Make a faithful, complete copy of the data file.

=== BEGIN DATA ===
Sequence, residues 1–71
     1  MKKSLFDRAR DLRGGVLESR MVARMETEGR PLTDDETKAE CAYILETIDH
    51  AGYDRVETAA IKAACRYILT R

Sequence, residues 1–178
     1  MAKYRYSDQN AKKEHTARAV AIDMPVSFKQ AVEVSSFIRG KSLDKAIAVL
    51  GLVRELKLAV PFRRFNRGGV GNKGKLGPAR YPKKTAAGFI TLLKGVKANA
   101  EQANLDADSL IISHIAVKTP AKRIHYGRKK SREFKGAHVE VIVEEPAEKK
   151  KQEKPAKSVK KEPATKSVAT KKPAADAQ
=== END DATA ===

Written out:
Sequence, residues 1–71
     1  MKKSLFDRAR DLRGGVLESR MVARMETEGR PLTDDETKAE CAYILETIDH
    51  AGYDRVETAA IKAACRYILT R

Sequence, residues 1–178
     1  MAKYRYSDQN AKKEHTARAV AIDMPVSFKQ AVEVSSFIRG KSLDKAIAVL
    51  GLVRELKLAV PFRRFNRGGV GNKGKLGPAR YPKKTAAGFI TLLKGVKANA
   101  EQANLDADSL IISHIAVKTP AKRIHYGRKK SREFKGAHVE VIVEEPAEKK
   151  KQEKPAKSVK KEPATKSVAT KKPAADAQ